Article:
BUENOS AIRES, Argentina—Leaders of the world’s top economies agreed for the first time to reform the 23-year-old World Trade Organization (WTO), backing President Donald Trump who has repeatedly called the organization a “disaster.” In this and other measures, Trump came away from the high-profile meeting with a win.
At the G-20 summit in Buenos Aires, Argentina, leaders ended their two-day meeting on Dec. 1 with a communiqué that acknowledged that the world trade body needs fixing.
“The [multilateral] system is currently falling short of its objectives and there is room for improvement,” the statement said. “We, therefore, support the necessary reform of the WTO to improve its functioning. We will review progress at our next Summit.”
Trump earlier criticized the organization for its outdated rules, which have become dysfunctional in regulating global trade disputes.
The Trump administration has recently blocked the appointments of new judges to the WTO’s Appellate Body, paralyzing the organization’s dispute-settlement system. However, it’s not the first time the United States has made such a move. The Obama administration also blocked the reappointment of judges because of decisions with which Washington disagreed.
Trump had earlier threatened to withdraw the United States from the WTO, claiming it treats his country unfairly.
“We lose the lawsuits, almost all of the lawsuits in the WTO,” he claimed, during an interview with Fox News.
‘Trade Protectionism’ Language
The G-20 leaders also agreed for the first time to drop the standing pledge in the communiqué to fight trade protectionism, a U.S. demand. The language of opposing protectionism was a long-standing part of the previous summit statements. The G-20 countries had earlier declared that a “responsibility to reject protectionism in all its forms” was one of their “core values.”
China, meanwhile, managed to exclude the phrase “unfair trade practices,” language it had opposed at the Asia-Pacific Economic Cooperation summit in November over concerns it was singling out Beijing.
At the recent APEC summit in Papua New Guinea, leaders failed to agree on a joint statement for the first time in group’s history due to the divisions over the trade language.
The G-20 communiqué also addressed rising concerns with respect to financing practices, including infrastructure funding.
“We call on the IMF and World Bank to work with borrowers and creditors to improve the recording, monitoring, and transparent reporting of public and private debt obligations,” said the summit statement.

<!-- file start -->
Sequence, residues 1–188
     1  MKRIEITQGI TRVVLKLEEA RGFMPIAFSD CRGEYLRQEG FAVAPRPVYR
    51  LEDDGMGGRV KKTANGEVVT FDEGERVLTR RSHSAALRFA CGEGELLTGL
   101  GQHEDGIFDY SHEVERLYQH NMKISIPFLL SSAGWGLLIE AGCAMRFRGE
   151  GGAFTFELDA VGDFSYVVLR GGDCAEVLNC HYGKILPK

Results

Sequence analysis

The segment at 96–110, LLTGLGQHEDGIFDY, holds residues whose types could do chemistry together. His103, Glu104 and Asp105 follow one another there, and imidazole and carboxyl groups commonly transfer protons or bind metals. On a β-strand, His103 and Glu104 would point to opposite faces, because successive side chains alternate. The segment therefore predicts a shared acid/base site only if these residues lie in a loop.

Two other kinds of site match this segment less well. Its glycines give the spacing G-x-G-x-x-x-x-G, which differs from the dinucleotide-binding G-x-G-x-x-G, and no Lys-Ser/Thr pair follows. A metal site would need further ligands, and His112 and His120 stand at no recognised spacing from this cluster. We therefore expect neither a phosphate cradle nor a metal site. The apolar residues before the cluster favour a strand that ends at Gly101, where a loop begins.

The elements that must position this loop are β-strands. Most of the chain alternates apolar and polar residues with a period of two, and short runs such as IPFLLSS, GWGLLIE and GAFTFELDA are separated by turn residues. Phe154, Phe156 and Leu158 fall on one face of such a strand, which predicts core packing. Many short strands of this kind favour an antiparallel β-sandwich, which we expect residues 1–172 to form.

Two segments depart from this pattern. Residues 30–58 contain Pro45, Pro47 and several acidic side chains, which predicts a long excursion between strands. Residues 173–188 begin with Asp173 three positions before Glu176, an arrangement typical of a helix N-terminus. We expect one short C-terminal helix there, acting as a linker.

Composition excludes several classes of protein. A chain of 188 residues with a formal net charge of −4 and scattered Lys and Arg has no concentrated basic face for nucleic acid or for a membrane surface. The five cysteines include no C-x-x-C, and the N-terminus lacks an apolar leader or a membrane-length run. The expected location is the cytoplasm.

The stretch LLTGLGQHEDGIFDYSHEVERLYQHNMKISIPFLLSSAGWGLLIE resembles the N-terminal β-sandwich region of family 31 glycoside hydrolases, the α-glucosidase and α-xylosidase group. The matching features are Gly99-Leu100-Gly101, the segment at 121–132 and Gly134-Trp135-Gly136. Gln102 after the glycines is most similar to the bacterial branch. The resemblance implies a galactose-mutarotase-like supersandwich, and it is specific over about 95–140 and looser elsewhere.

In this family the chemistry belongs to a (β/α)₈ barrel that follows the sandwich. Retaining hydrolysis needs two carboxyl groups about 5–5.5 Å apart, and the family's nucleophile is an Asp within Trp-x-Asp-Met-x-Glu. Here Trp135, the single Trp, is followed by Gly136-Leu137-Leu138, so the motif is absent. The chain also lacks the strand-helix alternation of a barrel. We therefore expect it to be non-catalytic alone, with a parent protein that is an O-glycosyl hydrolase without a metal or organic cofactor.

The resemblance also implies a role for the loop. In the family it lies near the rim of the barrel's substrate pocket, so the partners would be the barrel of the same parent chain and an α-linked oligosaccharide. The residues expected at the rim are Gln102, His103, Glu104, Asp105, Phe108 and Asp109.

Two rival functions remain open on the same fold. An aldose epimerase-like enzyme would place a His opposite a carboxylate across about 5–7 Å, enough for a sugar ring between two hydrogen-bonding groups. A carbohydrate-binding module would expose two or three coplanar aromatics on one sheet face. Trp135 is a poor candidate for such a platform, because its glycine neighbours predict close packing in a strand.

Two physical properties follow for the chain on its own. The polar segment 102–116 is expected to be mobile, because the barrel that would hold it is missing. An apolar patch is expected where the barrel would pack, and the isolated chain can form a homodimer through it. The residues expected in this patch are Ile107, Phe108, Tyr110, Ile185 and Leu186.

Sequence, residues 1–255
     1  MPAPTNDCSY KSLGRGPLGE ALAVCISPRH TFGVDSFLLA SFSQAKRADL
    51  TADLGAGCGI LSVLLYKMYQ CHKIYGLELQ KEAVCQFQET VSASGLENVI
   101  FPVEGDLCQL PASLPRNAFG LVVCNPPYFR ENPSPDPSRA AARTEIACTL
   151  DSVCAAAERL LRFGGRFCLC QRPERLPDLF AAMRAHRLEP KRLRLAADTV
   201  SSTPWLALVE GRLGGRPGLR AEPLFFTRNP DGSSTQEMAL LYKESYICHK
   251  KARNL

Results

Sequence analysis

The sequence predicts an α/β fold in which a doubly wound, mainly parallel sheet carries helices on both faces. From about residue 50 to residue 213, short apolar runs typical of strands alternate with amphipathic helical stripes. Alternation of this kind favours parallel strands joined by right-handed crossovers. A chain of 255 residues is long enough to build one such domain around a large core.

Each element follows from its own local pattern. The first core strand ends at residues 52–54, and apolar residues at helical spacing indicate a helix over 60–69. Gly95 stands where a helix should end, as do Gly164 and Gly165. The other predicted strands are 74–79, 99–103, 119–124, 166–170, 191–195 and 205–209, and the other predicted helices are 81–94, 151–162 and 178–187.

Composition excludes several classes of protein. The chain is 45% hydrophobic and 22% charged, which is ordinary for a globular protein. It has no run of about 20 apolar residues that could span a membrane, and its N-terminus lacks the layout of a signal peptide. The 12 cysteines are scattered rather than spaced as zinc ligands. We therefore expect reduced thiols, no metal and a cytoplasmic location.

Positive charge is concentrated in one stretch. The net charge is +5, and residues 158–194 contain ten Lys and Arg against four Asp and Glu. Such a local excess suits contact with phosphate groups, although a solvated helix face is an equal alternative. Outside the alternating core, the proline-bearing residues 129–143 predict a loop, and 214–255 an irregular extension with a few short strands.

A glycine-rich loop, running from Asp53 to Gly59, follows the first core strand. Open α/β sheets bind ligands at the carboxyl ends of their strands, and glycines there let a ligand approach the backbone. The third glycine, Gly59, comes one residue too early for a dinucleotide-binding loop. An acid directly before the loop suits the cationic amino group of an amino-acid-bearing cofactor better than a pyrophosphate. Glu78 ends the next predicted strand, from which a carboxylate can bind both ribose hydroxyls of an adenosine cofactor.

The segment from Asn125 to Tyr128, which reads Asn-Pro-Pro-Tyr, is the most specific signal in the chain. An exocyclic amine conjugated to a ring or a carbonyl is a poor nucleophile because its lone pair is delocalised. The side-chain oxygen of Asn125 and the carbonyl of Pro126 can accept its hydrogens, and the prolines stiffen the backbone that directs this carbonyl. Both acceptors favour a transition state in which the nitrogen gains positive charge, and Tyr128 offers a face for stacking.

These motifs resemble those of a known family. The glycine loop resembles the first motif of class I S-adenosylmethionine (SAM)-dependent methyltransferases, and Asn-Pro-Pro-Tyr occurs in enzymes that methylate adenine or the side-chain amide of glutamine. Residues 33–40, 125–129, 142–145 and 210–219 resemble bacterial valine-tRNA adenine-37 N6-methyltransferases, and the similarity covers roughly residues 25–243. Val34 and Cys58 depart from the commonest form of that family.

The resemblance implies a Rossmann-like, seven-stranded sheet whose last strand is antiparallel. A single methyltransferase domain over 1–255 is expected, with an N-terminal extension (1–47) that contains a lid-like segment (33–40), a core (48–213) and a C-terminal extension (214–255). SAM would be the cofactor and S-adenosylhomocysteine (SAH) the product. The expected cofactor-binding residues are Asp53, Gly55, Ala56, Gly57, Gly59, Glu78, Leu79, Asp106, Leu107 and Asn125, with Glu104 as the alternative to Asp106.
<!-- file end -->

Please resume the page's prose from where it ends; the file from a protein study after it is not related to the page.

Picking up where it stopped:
The Trump administration has been a vocal critic of Beijing’s ambitious international-development plan, the Belt and Road Initiative (BRI). It has been particularly concerned at how the BRI is a “debt trap” for many emerging countries in Central and South Asia.
To connect Asia, Africa, and Europe, the BRI involves massive construction projects that are financed mainly through a wide range of Chinese local government and state-controlled institutions. Critics worry that China is using “debtbook diplomacy” to gain political and economic leverage over other nations or their silence on human-rights violations.
U.S. Treasury Secretary Steven Mnuchin earlier warned of the looming debt crises in the Asia-Pacific region and pointed the finger at China, calling it a “non-transparent emerging sovereign creditor.”
The G-20 leaders agreed to take steps to address such “debt vulnerabilities in low-income countries.”
“We will work towards enhancing debt transparency and sustainability, and improving sustainable financing practices,” said the statement.
Trump, who made trade a central issue for his G-20 agenda, held bilateral meetings with key trading partners at the summit.
He attended the first trilateral meeting between the United States, Japan, and India. The leaders discussed strengthening the partnership and working towards realizing a free and open Indo-Pacific. The meeting was seen as a cooperation against China, since all three share concerns about Beijing’s rising power.
Trump also held a bilateral meeting with German Chancellor Angela Merkel on the sidelines of the summit to discuss “trade, multilateral issues, and also fair trade and the World Trade Organization.”
Trump had faced criticisms on his trade policy from European leaders including Merkel at this year’s Group of Seven summit held in Canada in June. The German leader mocked Trump by posting a photo on the internet staring down the U.S. president during a summit meeting, which turned into a diplomatic squabble.
However, Trump and Merkel had a different tone at the G-20. During the joint press conference, Trump called Merkel “my friend,” saying that both leaders had a “great working relationship.”
“We’ve made tremendous progress at the G-20 with many nations,” Trump said.
In addition, Trump held a bilateral dinner meeting with Chinese leader Xi Jinping, where both sides declared a trade truce. Xi agreed to make structural reforms within the next three months to address Washington’s long-standing concerns about the communist regime’s unfair practices such as forced technology transfer, intellectual property theft, and non-tariff barriers.